The starting point of this circulation is the commodity-capital C', equal to C plus c, or equal to P plus c. The function of commodity-capital C'—M' has been considered in the first form of the circulation. It consisted in the realization of the capital-value P, contained in it, which now exists as a part of the commodity C, and likewise in the realization of the surplus-value contained in it, which now exists as a part of the same mass of commodities C and has the value of c. But in the former case, this function formed the second phase of the interrupted circulation and the concluding phase of the entire cycle. In the present case, it forms the second phase of the cycle, but the first phase of the circulation. The first cycle ends with M', and since M' as well as the original M may again open the second cycle as money-capital, it was not necessary for the moment to analyze whether the parts of M', viz., M and m (surplus-value) continue in their course together, or whether each one of them pursues its own course. This would only have been necessary, if we had followed up the first cycle in its renewed course. But in studying the cycles of productive capital, this point must be decided, because the determination of its very first cycle depends on it, and because C'—M' appears in it as the first phase of circulation which has to be supplemented by M—C. It depends on the outcome of this decision, whether our formula represents the simple reproduction, or reproduction on an enlarged scale. The character of the cycle changes according to this decision.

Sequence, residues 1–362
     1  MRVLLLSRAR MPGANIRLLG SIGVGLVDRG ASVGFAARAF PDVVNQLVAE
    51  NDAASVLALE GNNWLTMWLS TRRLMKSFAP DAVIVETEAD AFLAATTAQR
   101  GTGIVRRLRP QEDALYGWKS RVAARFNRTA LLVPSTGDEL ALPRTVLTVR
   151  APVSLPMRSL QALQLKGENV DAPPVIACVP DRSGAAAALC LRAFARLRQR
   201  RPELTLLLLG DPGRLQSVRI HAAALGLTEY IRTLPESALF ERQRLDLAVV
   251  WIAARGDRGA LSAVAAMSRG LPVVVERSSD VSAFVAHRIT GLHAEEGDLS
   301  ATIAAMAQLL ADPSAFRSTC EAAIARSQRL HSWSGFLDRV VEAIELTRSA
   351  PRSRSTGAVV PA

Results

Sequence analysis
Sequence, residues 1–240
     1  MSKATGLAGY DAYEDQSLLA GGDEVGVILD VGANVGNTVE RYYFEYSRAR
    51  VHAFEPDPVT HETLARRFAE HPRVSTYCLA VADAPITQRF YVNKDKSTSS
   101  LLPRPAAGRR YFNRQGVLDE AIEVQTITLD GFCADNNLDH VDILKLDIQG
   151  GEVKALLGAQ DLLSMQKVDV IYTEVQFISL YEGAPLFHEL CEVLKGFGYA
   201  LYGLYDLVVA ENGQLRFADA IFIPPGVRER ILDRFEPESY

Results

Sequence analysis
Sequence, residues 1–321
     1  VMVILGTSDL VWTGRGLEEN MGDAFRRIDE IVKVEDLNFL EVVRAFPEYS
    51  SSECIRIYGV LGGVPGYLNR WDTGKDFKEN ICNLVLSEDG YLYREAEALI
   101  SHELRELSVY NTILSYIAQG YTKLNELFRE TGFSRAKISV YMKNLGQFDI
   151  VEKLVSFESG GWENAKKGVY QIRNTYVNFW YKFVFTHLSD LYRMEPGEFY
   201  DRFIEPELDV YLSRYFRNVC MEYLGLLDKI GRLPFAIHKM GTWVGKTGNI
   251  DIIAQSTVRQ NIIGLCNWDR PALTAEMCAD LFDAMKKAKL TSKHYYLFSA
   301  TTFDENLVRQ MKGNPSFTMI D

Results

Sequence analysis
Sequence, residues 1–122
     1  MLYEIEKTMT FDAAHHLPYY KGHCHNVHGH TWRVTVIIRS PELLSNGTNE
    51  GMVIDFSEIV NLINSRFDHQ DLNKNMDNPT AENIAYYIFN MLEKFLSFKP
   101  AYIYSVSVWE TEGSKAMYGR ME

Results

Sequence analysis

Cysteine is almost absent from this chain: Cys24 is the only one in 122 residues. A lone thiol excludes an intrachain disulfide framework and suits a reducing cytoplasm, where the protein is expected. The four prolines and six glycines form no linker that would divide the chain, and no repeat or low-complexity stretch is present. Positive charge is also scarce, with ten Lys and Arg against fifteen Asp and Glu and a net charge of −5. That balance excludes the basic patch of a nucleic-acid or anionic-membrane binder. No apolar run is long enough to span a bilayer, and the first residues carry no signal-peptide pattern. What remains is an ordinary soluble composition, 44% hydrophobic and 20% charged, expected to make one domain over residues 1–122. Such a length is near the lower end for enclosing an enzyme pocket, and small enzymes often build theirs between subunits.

Let us, then, take first the simple reproduction of productive capital, assuming that the conditions are the same as those taken for a basis in the first chapter, and that the commodities are bought and sold at their value. Under these conditions, the entire surplus-value enters into the individual consumption of the capitalist. As soon as the transformation of the commodity-capital C' into money has taken place, that part of the money which represents the capital-value continues in the cycle of industrial capital; the other part, which represents surplus-value in the form of gold, enters into the general circulation of commodities as a circulation of money emanating from the capitalist but taking place outside of the circulation of his individual capital.